Here in Colorado, we share our state with a wide variety of wildlife species. As our human population grows and expands into wildlife habitat, encounters with wildlife are becoming more common. If you find an injured animal, either on your property or while enjoying the outdoors, what should you do?
First, observe the animal from a safe distance and make sure it really is injured. Often, baby animals are left alone while their parents are out searching for food. The babies can look especially vulnerable, so well-intentioned humans might think they are abandoned, orphaned, or injured. Most often, however, these babies are simply awaiting their mother’s return. If you find a baby animal on its own, the best thing you can do is leave it alone. Moving or touching the animal will confuse its parents and could cause more harm than good. Don’t feed baby animals, either – chances are, Mom is on her way back with food.
If after observing an animal you determine it really is sick or injured, or if you witnessed something happen to a baby’s parents, there are several ways you can help.
Because they are some of the most frequent wildlife we encounter, birds are also among the types of wildlife we’re most likely to find injured. Window crashes, attacks by cats, and vehicle collisions are among the most frequent causes of bird injuries. If you find a bird with a broken leg or wing, you can call or bring it to a licensed wildlife rehabilitation facility. (Colorado Parks & Wildlife has a list of facilities on their website.) To help prevent injuries to birds, keep cats indoors, and use screens on your windows. You can also purchase window decals that can help deter birds. However, if a bird does crash into your window, it could have internal injuries, so it is best to contact a wildlife rehabilitator if a stunned bird falls to the ground and doesn’t immediately get up and fly away.
This is also the time of year for baby birds, and you might find one on the ground outside its nest. Does the bird have feathers? If so, it’s probably fledging (exploring and learning to fly), so it is best to leave it alone. Parents of fledglings are usually nearby, keeping a close eye on their chicks. Birds without feathers, however, are a different situation. These birds are too young and helpless to be out on their own, so if they are on the ground, they probably accidentally fell out of the nest. In this case, it is okay to pick up a baby bird and gently place it back in the nest, according to Audubon.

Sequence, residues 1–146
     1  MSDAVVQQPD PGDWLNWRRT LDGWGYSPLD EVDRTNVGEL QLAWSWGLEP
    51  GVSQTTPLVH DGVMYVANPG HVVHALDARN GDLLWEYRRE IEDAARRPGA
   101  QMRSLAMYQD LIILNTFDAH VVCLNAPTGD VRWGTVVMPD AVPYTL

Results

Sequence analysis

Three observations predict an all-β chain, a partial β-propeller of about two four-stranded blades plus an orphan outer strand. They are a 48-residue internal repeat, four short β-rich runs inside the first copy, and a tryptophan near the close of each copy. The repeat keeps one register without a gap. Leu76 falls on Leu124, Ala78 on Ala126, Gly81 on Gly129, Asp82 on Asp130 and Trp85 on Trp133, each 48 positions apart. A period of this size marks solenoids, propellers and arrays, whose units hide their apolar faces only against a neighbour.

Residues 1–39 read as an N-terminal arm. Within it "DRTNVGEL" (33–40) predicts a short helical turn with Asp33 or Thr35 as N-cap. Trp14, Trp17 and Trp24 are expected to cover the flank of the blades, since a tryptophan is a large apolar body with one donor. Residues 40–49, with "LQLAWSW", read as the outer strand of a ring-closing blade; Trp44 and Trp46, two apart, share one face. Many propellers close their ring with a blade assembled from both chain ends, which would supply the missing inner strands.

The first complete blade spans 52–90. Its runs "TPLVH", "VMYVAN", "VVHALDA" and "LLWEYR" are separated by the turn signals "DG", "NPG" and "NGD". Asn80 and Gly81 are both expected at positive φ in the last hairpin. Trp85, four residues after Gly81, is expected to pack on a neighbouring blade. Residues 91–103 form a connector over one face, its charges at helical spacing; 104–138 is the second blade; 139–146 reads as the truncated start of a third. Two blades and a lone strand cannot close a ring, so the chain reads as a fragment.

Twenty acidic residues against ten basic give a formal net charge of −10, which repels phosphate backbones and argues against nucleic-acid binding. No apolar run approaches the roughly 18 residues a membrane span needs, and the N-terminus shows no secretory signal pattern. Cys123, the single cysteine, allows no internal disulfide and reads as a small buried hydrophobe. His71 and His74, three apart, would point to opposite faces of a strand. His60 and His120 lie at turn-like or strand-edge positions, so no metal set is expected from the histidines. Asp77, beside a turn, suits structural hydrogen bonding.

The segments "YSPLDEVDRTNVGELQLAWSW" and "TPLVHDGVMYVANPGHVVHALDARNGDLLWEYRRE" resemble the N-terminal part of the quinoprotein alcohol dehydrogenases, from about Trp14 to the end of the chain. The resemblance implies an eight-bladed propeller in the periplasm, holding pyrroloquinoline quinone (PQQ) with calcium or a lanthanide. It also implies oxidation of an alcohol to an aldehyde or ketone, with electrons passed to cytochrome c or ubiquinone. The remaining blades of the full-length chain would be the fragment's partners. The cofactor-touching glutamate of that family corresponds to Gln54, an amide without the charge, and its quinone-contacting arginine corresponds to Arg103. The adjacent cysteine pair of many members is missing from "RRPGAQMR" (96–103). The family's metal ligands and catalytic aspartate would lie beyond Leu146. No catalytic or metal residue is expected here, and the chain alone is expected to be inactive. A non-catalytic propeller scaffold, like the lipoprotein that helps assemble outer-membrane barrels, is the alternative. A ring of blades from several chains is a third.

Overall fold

Like birds, squirrels and rabbits are among the animals that many of us encounter on a daily basis. And, like birds, they are vulnerable to a variety of injuries including vehicle collisions and attacks by cats and dogs. If you find an injured bunny or squirrel on your property, you can carefully transport it to a rehabilitation facility or, if you are uncomfortable picking it up, you can call Colorado Parks & Wildlife or a nearby rehab facility. If you do plan to transport the animal, place it in a dark, quiet, comfortable box or cage. Line the container with newspaper or a clean, smooth pillowcase – do not use fabrics like towels that could catch on the animal’s claws. And do not give the animal food, water, or milk, which can make it sick. If you are transporting an animal, it is still best to call the rehab facility first and follow their guidance.
Some small mammals, however, should not be handled. These include bats, skunks, and raccoons – species that are susceptible to rabies. Injured animals can become aggressive in order to defend themselves, and rabies can easily be transmitted to humans if an animal were to bite. Therefore, Colorado Parks & Wildlife and the Colorado Department of Public Health and Environment strongly advise never picking up injured bats, skunks, and raccoons. Instead, call a rehab facility or Colorado Parks & Wildlife, and they will send a trained professional to assess the animal.
Larger animals, such as deer and elk, foxes, coyotes, and bears, can cause serious injuries to humans, so if you find an injured animal – whether on your property, on the road, or out on the hiking trail – your best option is to call Colorado Parks & Wildlife.
Reptiles & Amphibians
Many wildlife rehabilitation facilities are only licensed to care for birds and mammals, so if you find an injured reptile or amphibian, either contact Colorado Parks & Wildlife or check with your local rehab facility before transporting the animal to make sure they are able to treat it.
Whatever the species, try to avoid bringing injured wildlife to a standard veterinary clinic, because these are usually only licensed to treat dogs, cats, and other domestic pets. Instead, when in doubt, contact Colorado Parks & Wildlife or a licensed wildlife rehabilitation center.
All photos courtesy Colorado Parks & Wildlife
This content was originally published here.